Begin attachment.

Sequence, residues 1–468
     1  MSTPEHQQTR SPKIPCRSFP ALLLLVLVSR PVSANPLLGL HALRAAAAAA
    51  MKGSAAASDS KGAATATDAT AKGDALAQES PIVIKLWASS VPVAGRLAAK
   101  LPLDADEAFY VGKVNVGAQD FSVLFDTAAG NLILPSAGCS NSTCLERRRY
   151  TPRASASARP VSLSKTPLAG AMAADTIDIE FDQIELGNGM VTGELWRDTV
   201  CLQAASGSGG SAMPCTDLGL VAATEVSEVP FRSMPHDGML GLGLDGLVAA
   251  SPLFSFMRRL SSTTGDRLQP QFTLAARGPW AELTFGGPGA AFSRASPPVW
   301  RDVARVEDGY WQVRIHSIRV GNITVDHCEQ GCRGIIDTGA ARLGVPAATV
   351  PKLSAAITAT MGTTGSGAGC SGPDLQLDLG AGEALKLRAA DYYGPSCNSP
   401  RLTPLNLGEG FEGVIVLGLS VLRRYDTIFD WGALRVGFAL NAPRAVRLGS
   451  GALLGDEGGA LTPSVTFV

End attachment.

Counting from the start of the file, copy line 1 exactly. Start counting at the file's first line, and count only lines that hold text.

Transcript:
Sequence, residues 1–468